As one member, it is shocking that they have not given a coherent leadership role in protecting or even challenging these developments over the past decade. Temporary workers have probably calculated that they are recovering something positive by abandoning sick and other benefits, so they are not sure why permanent social workers should bleed their hearts for locums. Some of you say that temporary workers control their wages and encourage us to leave our unions and negotiate our wages individually. What is interesting is that one wonders if the wage agreement applies to them. It is this thought that leaves me at least a little on my agency colleagues. We paid our taxes, we paid our NI when we didn`t get any improvement in our payment. We all live with the consequences of our choices. If you think you need « freedom » and « flexibility » to hope for a pay increase from your agency, don`t ride on the backs of my sub-unions. Of course, we are all social workers, but it seems that only some of us believe in solidarity. In 1997, the NJC for Local Government Services agreed on a national framework that could bring about local changes to meet local service needs. These salary and performance conditions, known as the Single Status Agreement, are published in the Green Paper.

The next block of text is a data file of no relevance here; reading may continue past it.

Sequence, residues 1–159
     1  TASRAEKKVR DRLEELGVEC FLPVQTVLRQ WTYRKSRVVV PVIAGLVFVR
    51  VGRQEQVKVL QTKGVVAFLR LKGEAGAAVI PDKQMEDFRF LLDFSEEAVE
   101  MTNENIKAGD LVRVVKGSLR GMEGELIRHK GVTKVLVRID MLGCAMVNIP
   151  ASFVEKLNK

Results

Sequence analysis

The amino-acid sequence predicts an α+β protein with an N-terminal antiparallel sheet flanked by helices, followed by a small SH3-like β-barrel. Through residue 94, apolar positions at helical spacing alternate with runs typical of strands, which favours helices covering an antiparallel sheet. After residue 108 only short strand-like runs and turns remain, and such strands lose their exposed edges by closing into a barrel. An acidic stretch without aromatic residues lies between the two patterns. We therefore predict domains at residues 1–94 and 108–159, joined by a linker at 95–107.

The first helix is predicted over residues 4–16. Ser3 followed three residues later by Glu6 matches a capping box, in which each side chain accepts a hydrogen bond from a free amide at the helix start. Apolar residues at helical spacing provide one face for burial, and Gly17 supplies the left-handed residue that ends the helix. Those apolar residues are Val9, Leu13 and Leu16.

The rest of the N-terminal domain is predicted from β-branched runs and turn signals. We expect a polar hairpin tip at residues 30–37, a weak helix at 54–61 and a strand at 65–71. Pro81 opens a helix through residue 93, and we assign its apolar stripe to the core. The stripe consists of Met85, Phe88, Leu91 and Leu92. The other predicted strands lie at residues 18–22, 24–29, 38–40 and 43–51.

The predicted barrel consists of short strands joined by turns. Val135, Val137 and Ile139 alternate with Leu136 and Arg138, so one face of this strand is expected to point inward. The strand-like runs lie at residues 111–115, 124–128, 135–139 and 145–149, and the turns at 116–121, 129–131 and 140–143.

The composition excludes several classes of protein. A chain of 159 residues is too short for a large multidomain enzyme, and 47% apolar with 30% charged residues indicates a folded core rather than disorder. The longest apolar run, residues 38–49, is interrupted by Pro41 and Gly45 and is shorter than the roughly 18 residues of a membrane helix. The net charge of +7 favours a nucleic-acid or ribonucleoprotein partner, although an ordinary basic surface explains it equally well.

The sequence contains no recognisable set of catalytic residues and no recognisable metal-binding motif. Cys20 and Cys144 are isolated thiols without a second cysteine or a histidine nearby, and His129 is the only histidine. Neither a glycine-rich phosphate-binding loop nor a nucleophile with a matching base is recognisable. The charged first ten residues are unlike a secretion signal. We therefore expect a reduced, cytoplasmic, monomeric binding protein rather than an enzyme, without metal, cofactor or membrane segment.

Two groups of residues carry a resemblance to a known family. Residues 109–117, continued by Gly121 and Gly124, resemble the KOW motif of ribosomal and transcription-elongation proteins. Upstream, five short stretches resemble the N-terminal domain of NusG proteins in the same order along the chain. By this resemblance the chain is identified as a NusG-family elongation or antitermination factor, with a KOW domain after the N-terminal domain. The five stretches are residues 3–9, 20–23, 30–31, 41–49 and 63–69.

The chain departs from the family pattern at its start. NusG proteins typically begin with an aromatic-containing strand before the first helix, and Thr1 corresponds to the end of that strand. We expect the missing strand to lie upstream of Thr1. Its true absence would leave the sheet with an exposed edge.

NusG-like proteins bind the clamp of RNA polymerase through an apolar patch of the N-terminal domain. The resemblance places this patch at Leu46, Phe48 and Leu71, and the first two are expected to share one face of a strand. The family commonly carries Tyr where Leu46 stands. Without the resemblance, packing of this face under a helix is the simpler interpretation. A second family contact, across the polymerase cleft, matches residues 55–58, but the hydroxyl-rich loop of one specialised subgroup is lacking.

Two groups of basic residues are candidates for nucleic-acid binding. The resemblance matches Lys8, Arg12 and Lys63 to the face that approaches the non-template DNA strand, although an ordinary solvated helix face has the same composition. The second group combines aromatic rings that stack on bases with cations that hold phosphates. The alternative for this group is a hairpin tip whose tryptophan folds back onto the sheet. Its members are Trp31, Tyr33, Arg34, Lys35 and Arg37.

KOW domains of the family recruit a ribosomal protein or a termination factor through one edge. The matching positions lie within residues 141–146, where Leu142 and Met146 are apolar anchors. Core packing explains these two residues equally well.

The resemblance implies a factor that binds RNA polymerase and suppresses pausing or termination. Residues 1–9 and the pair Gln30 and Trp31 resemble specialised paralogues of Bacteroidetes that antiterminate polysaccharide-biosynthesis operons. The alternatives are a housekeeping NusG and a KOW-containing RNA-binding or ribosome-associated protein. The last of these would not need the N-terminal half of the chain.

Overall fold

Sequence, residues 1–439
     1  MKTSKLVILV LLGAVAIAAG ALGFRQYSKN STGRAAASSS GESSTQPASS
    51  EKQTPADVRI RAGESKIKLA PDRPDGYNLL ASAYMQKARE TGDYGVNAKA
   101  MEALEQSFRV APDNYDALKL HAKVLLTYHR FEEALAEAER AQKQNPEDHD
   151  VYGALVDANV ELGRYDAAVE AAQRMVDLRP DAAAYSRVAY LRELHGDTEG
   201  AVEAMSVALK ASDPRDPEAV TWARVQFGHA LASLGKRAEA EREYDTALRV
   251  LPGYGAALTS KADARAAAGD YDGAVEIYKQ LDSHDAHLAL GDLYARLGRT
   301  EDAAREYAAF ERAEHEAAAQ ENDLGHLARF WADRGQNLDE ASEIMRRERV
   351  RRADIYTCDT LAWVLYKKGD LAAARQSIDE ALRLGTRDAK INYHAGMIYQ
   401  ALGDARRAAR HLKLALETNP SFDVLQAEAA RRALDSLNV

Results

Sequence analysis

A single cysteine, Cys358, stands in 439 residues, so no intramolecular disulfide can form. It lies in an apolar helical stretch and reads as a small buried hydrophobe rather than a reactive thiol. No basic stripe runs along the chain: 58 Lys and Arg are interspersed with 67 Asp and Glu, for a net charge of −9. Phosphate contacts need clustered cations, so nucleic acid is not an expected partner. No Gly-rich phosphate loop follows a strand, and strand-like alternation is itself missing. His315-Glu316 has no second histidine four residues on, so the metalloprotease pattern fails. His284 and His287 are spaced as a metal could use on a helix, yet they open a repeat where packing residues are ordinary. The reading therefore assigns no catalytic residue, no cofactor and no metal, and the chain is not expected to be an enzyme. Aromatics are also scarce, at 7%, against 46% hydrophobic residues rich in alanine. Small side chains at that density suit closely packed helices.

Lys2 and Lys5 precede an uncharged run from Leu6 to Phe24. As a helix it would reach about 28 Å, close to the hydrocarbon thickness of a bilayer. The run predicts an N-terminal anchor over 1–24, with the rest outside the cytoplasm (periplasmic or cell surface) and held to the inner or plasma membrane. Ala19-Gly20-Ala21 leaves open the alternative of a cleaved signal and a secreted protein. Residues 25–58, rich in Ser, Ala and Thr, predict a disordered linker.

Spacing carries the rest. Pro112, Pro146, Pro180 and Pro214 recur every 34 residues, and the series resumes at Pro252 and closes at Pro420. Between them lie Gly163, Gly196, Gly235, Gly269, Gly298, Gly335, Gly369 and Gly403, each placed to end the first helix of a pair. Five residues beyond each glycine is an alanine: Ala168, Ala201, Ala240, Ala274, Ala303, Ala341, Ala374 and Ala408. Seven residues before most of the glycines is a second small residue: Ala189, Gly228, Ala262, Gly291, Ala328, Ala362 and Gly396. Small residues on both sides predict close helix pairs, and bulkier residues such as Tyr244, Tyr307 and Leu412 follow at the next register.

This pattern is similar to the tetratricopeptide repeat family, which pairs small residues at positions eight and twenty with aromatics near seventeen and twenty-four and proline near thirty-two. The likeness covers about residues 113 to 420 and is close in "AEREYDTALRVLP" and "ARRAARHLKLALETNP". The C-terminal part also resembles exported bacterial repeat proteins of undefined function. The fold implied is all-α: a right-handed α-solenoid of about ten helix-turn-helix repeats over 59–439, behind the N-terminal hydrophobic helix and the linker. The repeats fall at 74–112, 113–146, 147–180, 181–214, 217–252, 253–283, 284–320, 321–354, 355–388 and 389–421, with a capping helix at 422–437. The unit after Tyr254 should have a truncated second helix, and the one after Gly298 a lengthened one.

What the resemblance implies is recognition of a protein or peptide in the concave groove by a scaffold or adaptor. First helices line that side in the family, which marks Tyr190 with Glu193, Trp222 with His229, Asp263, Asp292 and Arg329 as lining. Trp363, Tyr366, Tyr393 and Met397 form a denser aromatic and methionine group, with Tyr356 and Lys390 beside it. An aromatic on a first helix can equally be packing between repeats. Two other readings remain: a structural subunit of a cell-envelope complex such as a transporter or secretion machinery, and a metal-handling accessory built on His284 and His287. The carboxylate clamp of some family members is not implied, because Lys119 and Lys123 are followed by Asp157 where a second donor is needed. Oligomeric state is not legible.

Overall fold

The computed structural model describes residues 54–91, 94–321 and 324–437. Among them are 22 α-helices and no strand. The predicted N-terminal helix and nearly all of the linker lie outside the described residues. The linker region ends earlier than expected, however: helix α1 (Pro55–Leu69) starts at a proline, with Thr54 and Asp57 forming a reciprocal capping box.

northern.unison.org.uk/news/article/2020/06/njc-committee-put-pay-offer-members/ A multi-party agreement to have the Local Government Association (LGA) promote a coronavirus payment to staff has been overturned after high-ranking Council members blocked the move, The DOJ reports. Employees will see their pay go back to April 2020, after representatives of the gmbh and Unite workers agreed to the terms. The offer was rejected by Unite, but the agreement was approved in accordance with the NJC Constitution, as the majority of the union parties accepted the terms of the agreement. The wage increase for 2020-21, which dates back to April, is higher than the rate of inflation – currently 1.1% on the government`s preferred CPI measure, although slightly higher than the RPI rate preferred by unions – and the largest for Council officers in more than a decade. However, it remains well below the 10% requested by trade unions and will have little effect on the 21.8% drop in real wages they have generated by the Council`s social workers since 2009-10.